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Letters to the Editor 

Week of Wednesday, March 9, 2005


Page 3 of 4

4 Such as $15,000 for PR and lobbying, and multiple computers for the home offices of the executive director and board members. Approximate spending increases include: executive director's raise & bonus ($34K), ED's expense account ($500/month), consultant costs ($100K), legal budget ($200K).

5 From board minutes, February 2001: "Consideration of Consulting Contract for (MHDC board member) Gene Royale. Mr. Nuno called for an Executive Session because the item was a personnel issue. Mr. Romero respectfully disagreed and felt that because Mr. Royale would be a consultant to MHDC he, as the executive director, should be a part of the discussion. Mr. Romero suggested that Mr. Royale not be present for the discussion since the matter put him in a financial conflict of interest with the board and his presence might affect the tone of the conversation. He also suggested that Mr. Royale at a minimum should abstain from voting on this item. Messrs. Royale and Del Carlo told Mr. Romero that he was out of order to request that Mr. Royale not be present. Mr. Romero and staff then left the boardroom. Meeting adjourned into Executive Session at 7:15. Meeting reconvened at 8:10. Mr. Romero was informed that Mr. Royale had been hired as a half-time consultant to the Board of Directors at a salary of $33,600 per year plus expenses."

6 On two occasions, MHDC board members have inappropriately interfered with the selection of contractors for MHDC developments, as public records of correspondence with [the Redevelopment Agency] will attest.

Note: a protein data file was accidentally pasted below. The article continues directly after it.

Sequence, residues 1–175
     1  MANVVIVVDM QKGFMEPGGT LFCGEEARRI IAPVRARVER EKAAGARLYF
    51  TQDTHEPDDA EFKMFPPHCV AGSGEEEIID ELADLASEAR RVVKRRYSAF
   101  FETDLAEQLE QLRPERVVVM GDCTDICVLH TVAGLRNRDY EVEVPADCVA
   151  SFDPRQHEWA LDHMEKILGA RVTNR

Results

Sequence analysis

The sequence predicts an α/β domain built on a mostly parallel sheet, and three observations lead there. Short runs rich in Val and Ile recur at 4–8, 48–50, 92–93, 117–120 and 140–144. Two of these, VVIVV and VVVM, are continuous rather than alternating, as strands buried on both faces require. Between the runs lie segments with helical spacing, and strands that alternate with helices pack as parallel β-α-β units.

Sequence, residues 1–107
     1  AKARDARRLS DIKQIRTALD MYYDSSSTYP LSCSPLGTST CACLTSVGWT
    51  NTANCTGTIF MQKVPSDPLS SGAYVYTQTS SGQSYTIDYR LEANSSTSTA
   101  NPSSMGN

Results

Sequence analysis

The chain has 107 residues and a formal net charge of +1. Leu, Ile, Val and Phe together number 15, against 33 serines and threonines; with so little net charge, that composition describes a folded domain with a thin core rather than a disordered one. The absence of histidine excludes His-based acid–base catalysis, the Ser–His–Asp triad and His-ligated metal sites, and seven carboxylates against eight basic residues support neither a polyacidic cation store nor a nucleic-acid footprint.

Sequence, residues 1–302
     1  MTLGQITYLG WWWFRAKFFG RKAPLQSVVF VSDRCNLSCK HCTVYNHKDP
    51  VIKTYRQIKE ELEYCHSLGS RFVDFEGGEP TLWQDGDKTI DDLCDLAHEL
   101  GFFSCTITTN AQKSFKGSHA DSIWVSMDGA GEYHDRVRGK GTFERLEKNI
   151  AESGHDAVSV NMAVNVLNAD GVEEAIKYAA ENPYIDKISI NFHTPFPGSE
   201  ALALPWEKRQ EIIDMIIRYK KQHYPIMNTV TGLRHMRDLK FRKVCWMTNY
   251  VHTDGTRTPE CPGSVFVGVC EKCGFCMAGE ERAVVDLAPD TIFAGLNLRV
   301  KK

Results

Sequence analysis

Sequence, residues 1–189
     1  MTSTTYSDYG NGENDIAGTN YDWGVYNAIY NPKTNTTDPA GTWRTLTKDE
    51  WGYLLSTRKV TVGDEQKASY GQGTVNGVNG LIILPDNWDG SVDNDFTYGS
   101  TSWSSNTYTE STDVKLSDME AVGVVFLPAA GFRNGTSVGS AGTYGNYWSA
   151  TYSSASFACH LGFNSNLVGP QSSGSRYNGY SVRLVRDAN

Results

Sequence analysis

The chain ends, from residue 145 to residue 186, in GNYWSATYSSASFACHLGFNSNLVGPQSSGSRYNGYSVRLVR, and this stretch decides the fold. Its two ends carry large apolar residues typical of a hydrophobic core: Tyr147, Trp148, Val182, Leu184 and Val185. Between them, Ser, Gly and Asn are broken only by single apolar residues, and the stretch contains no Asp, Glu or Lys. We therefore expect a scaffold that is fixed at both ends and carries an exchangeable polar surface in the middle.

7 The notice of default from the Redevelopment Agency, dated Feb. 15, was sent to Executive Director Jose Wheelock, Board Chair Larry del Carlo, and cc'd to all of MHDC's lenders.

Monica Garcia

Fernando Marti
Noe Valley

Benjamin McCloskey

Eric Quezada

Gail Spann

Staff and former staff of Mission Housing

And if you write about an alleged attack by a dog on a pig, you just might receive a letter like this.

"Stuffed like a sausage with half-truths" ... we wish we'd written that: In "San Francisco Dog Court" [Feb. 16], I was skewered by SF Weekly's reporter Luke O'Brien. (Unbeknownst to me, Mr. O'Brien was invited to Sutro Heights by Animal Control to witness the dog and pig show.) Thus, I cannot withdraw from this matter with my tail between my legs.

The article was stuffed like a sausage with half-truths and misstatements, at least one of which was libelous. If I were as litigious as the reporter suggests I am, then he and the Weekly would be the most likely defendants of any lawsuit I would consider.

So, let's look at the misstatements, accompanied by the respective true facts: